The project is also able to tap into real-time data and satellite imagery from both public and private bodies, providing information to charity and disaster relief organisations working to mitigate local disasters.
Importantly, this online sandbox supports contributions from those wishing to help, whether that's on a permanent or temporary basis.
Built to last
"Our objective was to improve the ability for community members to participate, whether they be interns or employees or whatever," says Walker. "You can have an impact by picking out a small piece of work, and more immediately see the results of your efforts. After we're gone we want to make sure you're able to build a community that can contribute more easily to a solution, years later."
With the platform now in place, Kochi explains that work is being done to build similar projects across the world where data is otherwise almost impossible to source, as well as expand the reach of the School Mapping Project as wide as possible.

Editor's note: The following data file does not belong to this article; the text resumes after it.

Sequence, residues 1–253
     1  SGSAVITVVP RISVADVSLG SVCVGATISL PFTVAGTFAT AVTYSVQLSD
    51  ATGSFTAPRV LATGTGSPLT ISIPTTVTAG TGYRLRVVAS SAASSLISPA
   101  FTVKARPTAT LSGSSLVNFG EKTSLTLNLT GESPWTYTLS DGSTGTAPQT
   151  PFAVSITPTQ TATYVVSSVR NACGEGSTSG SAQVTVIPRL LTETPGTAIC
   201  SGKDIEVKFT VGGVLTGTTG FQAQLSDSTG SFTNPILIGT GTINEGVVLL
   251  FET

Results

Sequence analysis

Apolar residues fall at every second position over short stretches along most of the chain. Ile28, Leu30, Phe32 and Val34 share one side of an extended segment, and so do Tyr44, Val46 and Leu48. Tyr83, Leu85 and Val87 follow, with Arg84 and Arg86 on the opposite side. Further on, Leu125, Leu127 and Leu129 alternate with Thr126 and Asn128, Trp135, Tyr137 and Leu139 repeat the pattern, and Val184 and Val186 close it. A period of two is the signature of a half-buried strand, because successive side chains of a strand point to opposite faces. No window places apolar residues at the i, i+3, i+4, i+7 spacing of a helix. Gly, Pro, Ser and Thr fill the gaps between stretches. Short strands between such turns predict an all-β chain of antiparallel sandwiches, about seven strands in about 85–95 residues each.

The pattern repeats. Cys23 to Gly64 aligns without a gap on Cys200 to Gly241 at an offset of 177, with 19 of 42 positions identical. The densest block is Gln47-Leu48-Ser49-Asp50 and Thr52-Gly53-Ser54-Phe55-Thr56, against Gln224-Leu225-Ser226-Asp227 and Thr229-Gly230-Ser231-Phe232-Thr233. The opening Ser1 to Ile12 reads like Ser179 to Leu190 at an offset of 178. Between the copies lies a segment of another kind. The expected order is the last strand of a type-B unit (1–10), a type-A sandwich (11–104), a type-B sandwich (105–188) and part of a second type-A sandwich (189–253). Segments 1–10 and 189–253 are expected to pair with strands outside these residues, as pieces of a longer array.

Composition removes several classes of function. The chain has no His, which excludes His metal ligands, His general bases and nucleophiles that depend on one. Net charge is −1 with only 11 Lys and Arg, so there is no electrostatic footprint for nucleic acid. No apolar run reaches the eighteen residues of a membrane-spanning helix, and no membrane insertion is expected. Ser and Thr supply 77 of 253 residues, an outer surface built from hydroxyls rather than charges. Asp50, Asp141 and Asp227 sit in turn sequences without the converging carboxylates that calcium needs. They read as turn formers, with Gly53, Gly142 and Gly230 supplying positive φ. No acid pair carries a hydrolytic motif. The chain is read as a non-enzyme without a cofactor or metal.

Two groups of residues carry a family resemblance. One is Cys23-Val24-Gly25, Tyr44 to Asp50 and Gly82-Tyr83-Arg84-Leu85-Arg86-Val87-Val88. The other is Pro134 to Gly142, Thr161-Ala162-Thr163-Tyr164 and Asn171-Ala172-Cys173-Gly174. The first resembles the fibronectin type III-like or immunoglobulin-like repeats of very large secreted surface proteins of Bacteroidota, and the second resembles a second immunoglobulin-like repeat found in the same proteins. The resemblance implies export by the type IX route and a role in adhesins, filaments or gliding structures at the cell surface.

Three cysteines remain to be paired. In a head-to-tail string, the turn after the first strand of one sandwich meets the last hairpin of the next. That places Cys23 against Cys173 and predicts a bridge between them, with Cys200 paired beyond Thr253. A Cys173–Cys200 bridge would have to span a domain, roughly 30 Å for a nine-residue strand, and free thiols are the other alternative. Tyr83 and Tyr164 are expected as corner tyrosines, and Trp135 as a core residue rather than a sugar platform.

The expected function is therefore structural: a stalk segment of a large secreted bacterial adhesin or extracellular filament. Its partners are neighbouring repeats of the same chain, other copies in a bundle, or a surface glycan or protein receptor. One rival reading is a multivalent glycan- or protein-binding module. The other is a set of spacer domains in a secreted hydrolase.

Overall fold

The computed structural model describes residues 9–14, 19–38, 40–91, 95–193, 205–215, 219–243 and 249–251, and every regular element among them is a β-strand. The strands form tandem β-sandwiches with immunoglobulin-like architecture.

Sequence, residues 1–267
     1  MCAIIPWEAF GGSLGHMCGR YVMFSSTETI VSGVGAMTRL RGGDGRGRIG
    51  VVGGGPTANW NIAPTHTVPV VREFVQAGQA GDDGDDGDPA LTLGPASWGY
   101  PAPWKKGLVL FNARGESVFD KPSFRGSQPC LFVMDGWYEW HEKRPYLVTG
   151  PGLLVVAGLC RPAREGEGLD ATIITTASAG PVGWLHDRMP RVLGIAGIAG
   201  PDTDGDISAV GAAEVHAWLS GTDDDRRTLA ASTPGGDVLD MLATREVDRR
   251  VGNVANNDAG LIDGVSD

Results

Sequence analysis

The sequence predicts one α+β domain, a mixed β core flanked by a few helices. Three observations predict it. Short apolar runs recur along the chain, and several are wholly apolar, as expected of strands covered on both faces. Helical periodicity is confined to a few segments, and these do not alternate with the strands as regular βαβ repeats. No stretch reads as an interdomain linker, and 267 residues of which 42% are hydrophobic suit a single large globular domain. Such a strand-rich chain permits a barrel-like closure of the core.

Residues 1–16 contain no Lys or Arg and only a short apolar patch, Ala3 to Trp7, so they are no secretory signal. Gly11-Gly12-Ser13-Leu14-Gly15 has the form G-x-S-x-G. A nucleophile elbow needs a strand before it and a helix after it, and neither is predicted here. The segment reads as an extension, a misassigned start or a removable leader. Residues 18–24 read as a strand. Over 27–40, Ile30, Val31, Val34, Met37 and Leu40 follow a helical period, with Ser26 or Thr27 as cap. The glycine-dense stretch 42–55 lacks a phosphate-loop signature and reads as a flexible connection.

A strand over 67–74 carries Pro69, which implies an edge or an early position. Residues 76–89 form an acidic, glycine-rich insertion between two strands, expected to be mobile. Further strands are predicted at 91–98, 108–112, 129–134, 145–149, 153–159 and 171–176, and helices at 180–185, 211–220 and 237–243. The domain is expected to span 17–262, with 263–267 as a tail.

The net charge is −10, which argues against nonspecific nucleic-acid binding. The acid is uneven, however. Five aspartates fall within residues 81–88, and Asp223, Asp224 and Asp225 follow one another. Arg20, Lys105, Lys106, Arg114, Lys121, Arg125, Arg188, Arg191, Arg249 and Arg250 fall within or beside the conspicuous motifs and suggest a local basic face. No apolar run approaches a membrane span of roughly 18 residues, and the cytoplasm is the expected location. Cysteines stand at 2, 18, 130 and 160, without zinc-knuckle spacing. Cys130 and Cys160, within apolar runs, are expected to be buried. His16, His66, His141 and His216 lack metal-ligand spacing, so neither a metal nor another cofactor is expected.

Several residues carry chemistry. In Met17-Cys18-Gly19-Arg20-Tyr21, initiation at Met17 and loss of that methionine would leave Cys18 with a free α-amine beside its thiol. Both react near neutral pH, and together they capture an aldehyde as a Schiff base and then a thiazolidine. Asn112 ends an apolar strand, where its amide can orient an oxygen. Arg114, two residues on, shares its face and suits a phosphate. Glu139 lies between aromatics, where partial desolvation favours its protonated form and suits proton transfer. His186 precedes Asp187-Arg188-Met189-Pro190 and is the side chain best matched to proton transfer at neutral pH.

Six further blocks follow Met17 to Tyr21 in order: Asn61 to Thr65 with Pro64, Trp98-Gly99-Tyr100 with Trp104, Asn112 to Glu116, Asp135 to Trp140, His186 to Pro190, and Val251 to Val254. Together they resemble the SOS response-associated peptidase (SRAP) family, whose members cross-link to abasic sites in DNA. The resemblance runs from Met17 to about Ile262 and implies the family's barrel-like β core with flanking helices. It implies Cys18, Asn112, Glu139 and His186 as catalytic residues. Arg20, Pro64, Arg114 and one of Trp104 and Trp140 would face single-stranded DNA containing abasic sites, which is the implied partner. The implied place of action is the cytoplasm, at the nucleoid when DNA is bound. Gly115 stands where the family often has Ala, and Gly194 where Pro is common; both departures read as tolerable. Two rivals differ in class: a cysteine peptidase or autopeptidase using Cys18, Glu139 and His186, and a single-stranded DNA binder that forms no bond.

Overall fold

"We're doing a project in Iraq around looking at nutrition and agriculture because if you have crops that fail you often have a nutritional crisis in a country," says Kochi. "Each of these [projects] are building on each other, and each involves many different partners. So it's absolutely critical that they are allowed to participate."
"At UNICEF we are at the beginning of our data science adventure," adds Kochi. "This is an ongoing project within UNICEF - but it's still a new research project, so it's not like every country in the world is using it. Integration into larger organisations takes time."
An alpha version of the School Mapping Project can be accessed here.